Data set is considered complete, but preliminary, for the information presented (as described in the abstract) and will be updated as needed through July 2016. The dataset will improve through time as 1) more shoreline data becomes available, 2) the models are improved, and 3) an ensemble wave forcing is prescribed. Data includes only areas where shoreline armoring (for example, seawalls, revetments) is not present, though some exceptions may apply. Users are advised to read the rest of the metadata record carefully for additional details.
  5. How consistent are the relationships among the observations, including topology?
    Data have undergone QA/QC and fall within expected/reasonable ranges.

How can someone get a copy of the data set?

Are there legal restrictions on access or use of the data?
Access_Constraints: none
Use_Constraints:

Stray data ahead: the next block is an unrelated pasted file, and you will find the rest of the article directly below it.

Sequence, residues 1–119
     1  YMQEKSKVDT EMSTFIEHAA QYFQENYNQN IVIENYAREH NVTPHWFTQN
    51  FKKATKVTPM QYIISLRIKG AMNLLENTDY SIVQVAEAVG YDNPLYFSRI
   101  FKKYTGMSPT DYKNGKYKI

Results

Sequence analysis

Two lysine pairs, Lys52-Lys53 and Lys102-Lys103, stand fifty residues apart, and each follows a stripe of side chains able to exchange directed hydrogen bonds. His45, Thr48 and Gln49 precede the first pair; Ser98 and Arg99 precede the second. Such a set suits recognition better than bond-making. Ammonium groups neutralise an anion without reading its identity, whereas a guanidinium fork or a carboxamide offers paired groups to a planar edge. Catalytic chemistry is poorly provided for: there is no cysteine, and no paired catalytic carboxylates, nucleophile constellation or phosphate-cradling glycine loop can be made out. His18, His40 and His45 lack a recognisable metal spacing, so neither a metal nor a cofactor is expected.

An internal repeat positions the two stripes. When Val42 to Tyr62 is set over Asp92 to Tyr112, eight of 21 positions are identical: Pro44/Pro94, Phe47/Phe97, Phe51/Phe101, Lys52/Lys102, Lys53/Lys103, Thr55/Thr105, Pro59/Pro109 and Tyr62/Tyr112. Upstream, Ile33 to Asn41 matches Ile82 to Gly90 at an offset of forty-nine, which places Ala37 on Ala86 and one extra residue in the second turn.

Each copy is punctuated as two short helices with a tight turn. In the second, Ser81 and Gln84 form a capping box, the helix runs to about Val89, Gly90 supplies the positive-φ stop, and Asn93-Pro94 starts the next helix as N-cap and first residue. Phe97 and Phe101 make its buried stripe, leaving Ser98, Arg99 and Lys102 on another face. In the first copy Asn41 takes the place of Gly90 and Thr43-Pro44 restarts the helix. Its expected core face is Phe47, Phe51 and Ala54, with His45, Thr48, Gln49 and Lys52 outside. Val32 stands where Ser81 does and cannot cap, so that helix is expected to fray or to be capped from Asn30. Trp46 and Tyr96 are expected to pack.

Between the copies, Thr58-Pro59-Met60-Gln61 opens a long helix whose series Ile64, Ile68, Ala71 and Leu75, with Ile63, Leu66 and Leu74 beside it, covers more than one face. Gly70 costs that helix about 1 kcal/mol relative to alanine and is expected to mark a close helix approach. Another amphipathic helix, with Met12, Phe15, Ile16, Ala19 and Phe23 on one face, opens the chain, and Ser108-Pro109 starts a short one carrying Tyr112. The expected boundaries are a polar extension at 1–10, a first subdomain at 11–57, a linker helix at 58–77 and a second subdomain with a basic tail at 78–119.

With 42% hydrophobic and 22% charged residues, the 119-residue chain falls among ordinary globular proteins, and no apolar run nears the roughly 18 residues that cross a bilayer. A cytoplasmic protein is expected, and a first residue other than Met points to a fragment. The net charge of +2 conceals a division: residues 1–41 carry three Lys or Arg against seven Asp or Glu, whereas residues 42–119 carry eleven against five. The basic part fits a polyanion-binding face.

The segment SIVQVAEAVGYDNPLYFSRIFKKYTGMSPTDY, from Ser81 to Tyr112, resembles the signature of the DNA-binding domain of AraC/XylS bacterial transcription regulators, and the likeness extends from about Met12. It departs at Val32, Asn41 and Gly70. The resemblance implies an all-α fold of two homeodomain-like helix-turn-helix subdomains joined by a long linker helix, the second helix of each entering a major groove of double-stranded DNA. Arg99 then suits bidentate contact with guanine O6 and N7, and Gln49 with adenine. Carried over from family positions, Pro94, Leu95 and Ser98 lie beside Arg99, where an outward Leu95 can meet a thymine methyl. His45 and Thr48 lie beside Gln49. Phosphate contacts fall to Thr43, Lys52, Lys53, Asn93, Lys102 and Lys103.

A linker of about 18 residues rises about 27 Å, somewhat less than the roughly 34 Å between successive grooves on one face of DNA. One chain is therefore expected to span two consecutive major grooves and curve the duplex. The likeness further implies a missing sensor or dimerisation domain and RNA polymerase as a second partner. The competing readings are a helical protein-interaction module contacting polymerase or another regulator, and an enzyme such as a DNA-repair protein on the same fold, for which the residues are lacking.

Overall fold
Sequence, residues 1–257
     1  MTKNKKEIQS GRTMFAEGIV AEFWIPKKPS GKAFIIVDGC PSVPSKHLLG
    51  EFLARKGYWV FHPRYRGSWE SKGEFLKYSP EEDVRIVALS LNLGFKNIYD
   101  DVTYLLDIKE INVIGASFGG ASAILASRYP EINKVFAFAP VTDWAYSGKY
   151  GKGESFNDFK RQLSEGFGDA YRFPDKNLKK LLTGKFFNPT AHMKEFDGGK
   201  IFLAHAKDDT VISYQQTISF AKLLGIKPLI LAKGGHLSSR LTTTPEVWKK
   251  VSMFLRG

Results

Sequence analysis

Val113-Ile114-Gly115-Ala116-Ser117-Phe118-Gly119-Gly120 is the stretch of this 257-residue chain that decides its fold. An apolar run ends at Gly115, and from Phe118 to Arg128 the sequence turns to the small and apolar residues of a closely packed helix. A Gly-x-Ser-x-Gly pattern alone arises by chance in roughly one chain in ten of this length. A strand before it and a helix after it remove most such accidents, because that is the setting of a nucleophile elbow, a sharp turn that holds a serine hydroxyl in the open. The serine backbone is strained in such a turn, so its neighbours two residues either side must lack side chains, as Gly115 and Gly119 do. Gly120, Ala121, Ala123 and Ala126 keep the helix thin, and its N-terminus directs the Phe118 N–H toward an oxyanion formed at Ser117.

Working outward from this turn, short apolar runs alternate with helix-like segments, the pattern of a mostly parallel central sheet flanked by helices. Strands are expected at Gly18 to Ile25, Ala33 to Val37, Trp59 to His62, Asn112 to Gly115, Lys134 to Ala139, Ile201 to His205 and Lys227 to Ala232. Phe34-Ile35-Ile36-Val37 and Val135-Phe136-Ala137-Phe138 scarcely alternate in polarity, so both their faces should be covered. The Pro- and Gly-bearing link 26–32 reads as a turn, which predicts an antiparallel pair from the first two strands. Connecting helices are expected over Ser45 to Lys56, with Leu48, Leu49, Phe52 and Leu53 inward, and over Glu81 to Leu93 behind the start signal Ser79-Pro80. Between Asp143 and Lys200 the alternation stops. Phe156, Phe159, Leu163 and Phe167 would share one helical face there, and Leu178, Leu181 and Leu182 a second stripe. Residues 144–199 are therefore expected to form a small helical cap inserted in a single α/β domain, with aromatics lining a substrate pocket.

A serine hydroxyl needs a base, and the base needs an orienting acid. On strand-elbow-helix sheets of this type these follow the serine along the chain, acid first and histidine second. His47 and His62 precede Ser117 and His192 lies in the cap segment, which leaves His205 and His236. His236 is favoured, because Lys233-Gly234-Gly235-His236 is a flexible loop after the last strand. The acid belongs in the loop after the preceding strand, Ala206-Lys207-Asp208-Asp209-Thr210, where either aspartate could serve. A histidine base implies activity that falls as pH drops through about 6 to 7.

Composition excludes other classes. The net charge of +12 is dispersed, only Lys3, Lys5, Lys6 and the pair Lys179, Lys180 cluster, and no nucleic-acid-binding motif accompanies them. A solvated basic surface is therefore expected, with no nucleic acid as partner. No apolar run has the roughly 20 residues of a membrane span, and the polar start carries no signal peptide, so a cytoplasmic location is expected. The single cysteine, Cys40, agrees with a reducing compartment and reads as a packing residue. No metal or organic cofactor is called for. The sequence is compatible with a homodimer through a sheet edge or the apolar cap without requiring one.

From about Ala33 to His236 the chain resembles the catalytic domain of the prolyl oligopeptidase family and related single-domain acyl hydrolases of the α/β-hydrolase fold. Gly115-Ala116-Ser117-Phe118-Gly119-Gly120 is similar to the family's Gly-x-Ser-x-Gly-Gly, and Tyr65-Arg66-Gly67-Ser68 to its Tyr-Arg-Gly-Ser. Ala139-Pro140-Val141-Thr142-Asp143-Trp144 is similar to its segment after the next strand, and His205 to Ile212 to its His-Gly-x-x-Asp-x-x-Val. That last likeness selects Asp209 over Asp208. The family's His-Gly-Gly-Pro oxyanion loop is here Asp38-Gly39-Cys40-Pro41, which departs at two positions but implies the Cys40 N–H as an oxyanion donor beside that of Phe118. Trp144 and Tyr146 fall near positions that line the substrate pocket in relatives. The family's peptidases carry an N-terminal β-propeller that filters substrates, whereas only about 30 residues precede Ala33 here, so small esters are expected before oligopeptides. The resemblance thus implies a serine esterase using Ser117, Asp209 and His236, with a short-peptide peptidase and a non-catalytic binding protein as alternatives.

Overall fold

USGS-authored or produced data and information are in the public domain. Share data products developed using these data with the U.S. Geological Survey. This information is not intended for navigational purposes. Read and fully comprehend the metadata prior to data use. Uses of these data should not violate the spatial resolution of the data. Where these data are used in combination with other data of different resolution, the resolution of the combined output will be limited by the lowest resolution of all the data. This database has been approved for release and publication by the Director of the USGS. Although this database has been subjected to rigorous review and is substantially complete, the USGS reserves the right to revise the data pursuant to further analysis and review. Furthermore, it is released on condition that neither the USGS nor the United States Government may be held liable for any damages resulting from its authorized or unauthorized use. Although this Federal Geographic Data Committee-compliant metadata file is intended to document these data in nonproprietary form, as well as in ArcInfo format, this metadata file may include some ArcInfo-specific terminology.